This image from NASA's Galaxy Evolution Explorer (GALEX) shows Messier 94, also known as NGC 4736, in ultraviolet light. It is located 17 million light-years away in the constellation Canes Venatici.

This image from NASA's Galaxy Evolution Explorer (GALEX) shows Messier 94, also known as NGC 4736, in ultraviolet light. It is located 17 million light-years away in the constellation Canes Venatici.

The spiral galaxy is punctuated by a distinct ring of stars at its center. The young stars glow with ultraviolet light and thus appear bright to the detectors of GALEX. Astronomers think the galaxy's oval shape may be the reason for this sharp ring of star formation. The ultraviolet light at the very center of the galaxy, within the ring, is likely produced by a combination of extremely old stars, about 10 billion years old.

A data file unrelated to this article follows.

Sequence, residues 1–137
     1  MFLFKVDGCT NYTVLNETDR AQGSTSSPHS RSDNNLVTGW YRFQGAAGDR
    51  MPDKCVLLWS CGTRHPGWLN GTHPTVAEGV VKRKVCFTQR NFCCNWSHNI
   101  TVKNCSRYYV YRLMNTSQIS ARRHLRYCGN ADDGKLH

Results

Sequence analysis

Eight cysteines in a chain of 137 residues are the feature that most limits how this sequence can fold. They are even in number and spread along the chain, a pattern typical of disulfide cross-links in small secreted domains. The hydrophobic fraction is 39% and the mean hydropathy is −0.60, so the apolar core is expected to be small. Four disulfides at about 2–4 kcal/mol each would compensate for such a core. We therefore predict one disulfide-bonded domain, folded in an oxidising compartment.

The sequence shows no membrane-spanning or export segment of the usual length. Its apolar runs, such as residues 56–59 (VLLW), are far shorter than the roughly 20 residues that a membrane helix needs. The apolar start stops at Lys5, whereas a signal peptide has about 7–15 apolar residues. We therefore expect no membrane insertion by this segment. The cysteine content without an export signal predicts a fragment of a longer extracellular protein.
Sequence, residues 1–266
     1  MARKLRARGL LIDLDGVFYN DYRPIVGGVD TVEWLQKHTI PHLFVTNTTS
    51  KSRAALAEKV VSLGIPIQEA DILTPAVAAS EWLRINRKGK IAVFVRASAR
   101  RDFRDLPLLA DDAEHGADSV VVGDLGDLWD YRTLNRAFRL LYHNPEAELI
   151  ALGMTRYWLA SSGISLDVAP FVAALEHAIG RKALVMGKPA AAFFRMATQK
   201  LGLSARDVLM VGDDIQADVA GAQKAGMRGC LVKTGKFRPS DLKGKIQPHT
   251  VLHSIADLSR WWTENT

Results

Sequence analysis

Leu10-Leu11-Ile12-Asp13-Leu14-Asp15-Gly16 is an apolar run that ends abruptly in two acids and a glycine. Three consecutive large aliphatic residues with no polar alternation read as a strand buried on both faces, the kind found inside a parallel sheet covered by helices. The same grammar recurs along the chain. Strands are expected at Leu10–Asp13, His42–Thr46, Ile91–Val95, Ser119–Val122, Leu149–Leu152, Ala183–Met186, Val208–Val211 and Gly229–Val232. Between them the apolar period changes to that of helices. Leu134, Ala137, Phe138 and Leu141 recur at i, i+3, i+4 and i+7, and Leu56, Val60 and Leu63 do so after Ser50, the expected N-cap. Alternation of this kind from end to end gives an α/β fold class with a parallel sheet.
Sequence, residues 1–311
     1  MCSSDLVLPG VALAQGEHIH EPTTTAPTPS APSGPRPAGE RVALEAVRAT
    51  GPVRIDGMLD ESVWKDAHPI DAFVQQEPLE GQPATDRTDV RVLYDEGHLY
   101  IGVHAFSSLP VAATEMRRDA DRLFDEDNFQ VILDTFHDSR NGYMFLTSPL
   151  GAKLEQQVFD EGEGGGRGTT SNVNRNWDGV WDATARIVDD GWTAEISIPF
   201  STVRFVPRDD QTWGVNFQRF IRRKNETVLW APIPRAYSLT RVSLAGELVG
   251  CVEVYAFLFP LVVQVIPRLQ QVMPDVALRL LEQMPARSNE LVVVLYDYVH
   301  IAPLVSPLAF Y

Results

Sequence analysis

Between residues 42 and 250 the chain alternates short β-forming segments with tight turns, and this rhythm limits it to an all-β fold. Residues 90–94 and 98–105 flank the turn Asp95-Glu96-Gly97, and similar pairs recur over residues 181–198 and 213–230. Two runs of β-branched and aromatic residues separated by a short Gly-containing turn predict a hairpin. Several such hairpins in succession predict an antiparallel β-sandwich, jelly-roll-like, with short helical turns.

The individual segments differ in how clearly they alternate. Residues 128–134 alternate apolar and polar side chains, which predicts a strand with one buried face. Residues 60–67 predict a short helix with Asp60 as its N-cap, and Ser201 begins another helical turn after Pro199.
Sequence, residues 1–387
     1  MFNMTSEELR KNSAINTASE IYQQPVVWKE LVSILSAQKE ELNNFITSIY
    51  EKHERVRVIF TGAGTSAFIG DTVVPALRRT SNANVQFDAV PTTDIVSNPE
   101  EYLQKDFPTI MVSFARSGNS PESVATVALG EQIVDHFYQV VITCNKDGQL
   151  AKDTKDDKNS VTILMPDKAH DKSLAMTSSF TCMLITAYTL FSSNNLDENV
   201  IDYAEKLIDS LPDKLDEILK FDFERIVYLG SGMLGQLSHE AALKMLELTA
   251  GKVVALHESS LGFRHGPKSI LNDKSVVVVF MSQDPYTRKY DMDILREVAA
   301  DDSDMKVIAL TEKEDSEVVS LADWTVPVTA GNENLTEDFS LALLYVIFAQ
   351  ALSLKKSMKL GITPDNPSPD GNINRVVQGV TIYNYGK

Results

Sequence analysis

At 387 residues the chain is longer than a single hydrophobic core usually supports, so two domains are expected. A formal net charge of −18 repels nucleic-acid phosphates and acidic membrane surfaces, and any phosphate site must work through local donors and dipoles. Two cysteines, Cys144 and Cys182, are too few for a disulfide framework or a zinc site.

GALEX highlights the complex star formation history in the outer arms as well. There, the blue-white regions highlight areas of current star formation, and the diffuse faint red light is from regions where star formation ceased more than 100 million years ago.

JPL managed the GALEX mission and built the science instrument. The mission's principal investigator, Chris Martin, is at Caltech. NASA's Goddard Space Flight Center in Greenbelt, Md., developed the mission under the Explorers Program it manages. Researchers sponsored by Yonsei University in South Korea and the Centre National d'Etudes Spatiales (CNES) in France collaborated on the mission. Caltech manages JPL for NASA.

Graphics and additional information about the Galaxy Evolution Explorer are online at: http://www.nasa.gov/galex.

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